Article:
One of the most talked about politicians this election year is a woman who is not even on the ballot — Democratic Sen. Elizabeth Warren of Massachusetts. As her name is being thrown around as a possible VP pick for Hillary Clinton, there's an argument to be made that Warren doesn't even need the job. Plenty of her colleagues say she already exerts enormous influence from her perch in the Senate.
Warren may not be running for president, but right now there's probably no one in the Democratic Party who takes more delight in publicly ripping into Donald Trump. And Trump has ripped right back into her, calling her "Pocahontas" and saying she's an ineffective senator with a "big mouth."
At a gala for the Center for Popular Democracy this week, she summed up the billionaire with words that instantly went viral: "A small, insecure money grubber who doesn't care who gets hurts so long as he makes a profit."
Warren hammered Trump for saying in 2007 that he was excited for the housing market to collapse so he could make a lot of money.
"What kind of man does that?" Warren exclaimed. "What kind of man roots for people to get thrown out of their house? What kind of man roots for people to get thrown out of their jobs? To root for people to lose their pensions? ... It is a man that cares about no one but himself."
If it sounds like it's getting personal, check out Warren's Twitter feed — where she's already called Trump a sexist, racist, xenophobic "bully."
All this has clearly gotten under Trump's skin — he couldn't resist hitting back in Anaheim on Wednesday.
"I call her goofy. She is ... goofy," Trump said. "She gets less done than anybody in the United States Senate. She gets nothing done, nothing passed. She's got a big mouth, and that's about it. But they use her because Hillary's trying to be very presidential."
An Outspoken Messenger Who 'Doesn't Talk Very Much'
Warren has become one of the most aggressive anti-Trump voices in her party. But inside the Senate hallways, she doesn't behave like a woman who wants to be heard.
She's famous for avoiding reporters in the Capitol. She dashes through the building avoiding eye contact with them. Most of the Capitol Hill reporters have fallen in line and don't even try asking her questions in the hallways anymore. The ones who do dare venture up to her often find a Warren aide suddenly wedging in and explaining that the senator isn't available to talk at the moment.
Because Warren is a woman who holds the press at arm's length, it might have seemed a touch ironic when Democratic Leader Harry Reid chose her to be the messenger for the progressive wing of the party. Warren stepped into that leadership position barely two years into her first term.
Reid said Warren is simply strategic about when to speak.
"She's an effective messenger because, No. 1, she doesn't talk very much," said Reid. "I find — maybe I'm being judgmental — but I think when people talk too much, their message is lost. She doesn't talk very much. But when she talks, people listen."
Reid says even during internal caucus meetings, Warren is very quiet. She speaks up with her colleagues only in deliberate moments.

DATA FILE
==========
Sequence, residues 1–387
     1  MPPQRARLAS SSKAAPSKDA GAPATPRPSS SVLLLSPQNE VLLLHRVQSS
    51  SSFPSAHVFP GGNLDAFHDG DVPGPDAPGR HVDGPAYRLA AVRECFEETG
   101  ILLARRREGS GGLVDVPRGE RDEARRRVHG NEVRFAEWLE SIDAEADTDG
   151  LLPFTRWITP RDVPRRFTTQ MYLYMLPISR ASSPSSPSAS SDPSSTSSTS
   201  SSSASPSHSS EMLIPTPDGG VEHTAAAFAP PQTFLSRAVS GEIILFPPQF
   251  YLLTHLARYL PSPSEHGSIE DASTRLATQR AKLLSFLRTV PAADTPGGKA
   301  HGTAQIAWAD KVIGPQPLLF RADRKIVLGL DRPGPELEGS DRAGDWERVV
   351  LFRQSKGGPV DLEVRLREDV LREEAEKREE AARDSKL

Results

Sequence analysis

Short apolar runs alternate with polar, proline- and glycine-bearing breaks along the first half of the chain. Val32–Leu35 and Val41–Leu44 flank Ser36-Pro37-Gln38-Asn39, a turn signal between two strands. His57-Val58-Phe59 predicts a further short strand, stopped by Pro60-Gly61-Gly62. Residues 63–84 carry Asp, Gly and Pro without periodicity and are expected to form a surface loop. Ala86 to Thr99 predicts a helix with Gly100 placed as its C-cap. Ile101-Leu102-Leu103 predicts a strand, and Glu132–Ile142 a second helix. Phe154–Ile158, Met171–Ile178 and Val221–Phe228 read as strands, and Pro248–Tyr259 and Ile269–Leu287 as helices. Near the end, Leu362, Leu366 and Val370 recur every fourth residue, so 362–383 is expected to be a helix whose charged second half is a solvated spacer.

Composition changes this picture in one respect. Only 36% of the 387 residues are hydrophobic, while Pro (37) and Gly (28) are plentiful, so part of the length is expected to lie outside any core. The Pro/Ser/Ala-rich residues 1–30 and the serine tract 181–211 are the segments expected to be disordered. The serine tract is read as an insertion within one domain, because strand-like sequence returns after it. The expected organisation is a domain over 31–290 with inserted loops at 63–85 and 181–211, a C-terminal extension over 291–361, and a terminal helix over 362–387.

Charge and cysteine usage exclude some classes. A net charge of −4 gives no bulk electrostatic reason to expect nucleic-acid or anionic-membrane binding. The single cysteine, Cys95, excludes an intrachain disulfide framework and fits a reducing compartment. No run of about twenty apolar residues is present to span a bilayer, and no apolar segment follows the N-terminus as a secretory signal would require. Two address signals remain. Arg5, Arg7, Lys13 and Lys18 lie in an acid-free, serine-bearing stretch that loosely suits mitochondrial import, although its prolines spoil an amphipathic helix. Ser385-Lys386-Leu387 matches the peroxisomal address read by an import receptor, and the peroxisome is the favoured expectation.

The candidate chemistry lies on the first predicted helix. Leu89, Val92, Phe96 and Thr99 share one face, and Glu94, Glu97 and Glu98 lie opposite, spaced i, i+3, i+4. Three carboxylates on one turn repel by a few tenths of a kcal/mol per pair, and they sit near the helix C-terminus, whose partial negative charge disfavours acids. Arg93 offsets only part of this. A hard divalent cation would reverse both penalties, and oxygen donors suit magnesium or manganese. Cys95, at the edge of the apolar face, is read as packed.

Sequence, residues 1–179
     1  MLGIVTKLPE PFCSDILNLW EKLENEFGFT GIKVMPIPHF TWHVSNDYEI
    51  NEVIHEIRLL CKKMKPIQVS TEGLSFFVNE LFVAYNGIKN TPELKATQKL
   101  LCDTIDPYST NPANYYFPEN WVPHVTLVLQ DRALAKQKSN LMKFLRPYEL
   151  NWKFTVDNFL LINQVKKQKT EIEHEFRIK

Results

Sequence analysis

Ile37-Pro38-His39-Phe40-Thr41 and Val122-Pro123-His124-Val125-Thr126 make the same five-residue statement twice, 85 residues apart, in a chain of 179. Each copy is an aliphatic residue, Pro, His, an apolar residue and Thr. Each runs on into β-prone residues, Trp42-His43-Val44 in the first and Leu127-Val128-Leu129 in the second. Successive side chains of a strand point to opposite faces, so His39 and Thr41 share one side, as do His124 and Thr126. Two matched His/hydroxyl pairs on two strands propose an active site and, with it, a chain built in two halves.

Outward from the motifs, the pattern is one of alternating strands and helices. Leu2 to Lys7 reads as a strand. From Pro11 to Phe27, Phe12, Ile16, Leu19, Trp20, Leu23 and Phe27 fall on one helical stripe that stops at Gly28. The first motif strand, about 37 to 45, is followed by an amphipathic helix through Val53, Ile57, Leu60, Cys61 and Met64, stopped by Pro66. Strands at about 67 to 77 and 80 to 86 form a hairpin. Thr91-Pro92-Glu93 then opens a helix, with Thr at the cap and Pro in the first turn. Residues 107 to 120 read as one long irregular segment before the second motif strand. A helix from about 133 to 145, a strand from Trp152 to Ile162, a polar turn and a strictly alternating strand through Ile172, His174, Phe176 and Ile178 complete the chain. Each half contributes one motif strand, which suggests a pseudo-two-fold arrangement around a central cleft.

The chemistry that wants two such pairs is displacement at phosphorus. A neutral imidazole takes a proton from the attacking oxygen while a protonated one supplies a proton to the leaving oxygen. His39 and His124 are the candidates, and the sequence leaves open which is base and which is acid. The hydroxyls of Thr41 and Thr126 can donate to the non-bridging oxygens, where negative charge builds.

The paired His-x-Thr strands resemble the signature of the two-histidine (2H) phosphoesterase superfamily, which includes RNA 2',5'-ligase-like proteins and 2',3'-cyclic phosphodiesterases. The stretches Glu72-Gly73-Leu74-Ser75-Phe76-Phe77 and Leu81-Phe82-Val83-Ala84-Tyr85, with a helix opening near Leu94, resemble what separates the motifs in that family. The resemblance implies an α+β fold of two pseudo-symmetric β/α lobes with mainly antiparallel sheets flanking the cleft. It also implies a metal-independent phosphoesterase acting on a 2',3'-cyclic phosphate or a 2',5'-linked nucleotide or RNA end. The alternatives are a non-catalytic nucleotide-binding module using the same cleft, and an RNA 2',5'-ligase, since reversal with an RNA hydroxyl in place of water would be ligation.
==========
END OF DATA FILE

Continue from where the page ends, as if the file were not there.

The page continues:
"People think she's a big talker. She isn't," said Reid. "In our caucus, I have some people who raise their hands all the time. They want to be recognized. But not Elizabeth."
And her supporters say that strategic use of her influence has made her a powerful validator in the caucus — someone who can breathe new life into a cause simply by jumping on, whether it's Wall Street reform, expanding Social Security or reducing student debt.
Senate Democratic leaders say Warren took a lead role on the issue of student debt especially.
"She can take an issue and launch it into the stratosphere," said Democratic Sen. Brian Schatz of Hawaii, who crafted a student loan bill with her. "You can be working on it and it can be important and you can be right. But when Elizabeth comes to the table, you know it's about to be ready for takeoff."
Influence As A Fundraiser
She doesn't just launch issues. Democrats say she can also launch candidates. Warren is one of the top fundraisers in her caucus. During the 2014 midterms, she raked in more than $6 million for Democratic Senate, House and gubernatorial candidates and party committees.
This election cycle, Warren's Leadership PAC has given away about a quarter-million dollars; her office says that amount represents just a small portion of her overall fundraising efforts so far, which include fundraising events, campaign appearances and — most important — emails.
Adam Green, co-founder of the Progressive Change Campaign Committee, said unlike many senators, Warren can instantly activate a vast national network every time she hits send on an email.
"It doesn't take much of her time to send out an email that raises $25,000 each for three U.S. Senate candidates, something that would take those candidates weeks to do," said Green.
Democrats say they have a shot at taking back control of the Senate this year, and their candidates hope Warren's light will make them shine. They invoke her name in emails, want her on the campaign trail and run ads featuring her singing their praises.
There's no question, Warren has emerged as one of 2016's biggest influencers. And now she is perceived as the person who can best unify Clinton's supporters with those of Bernie Sanders.
But there's one big question she never quite answers. What is Elizabeth Warren's endgame?
"I think her main goal is to be a good senator from Massachusetts. I don't think she has aspirations beyond that," Reid said.
I wonder what Elizabeth Warren would say to that — if she ever talked to me.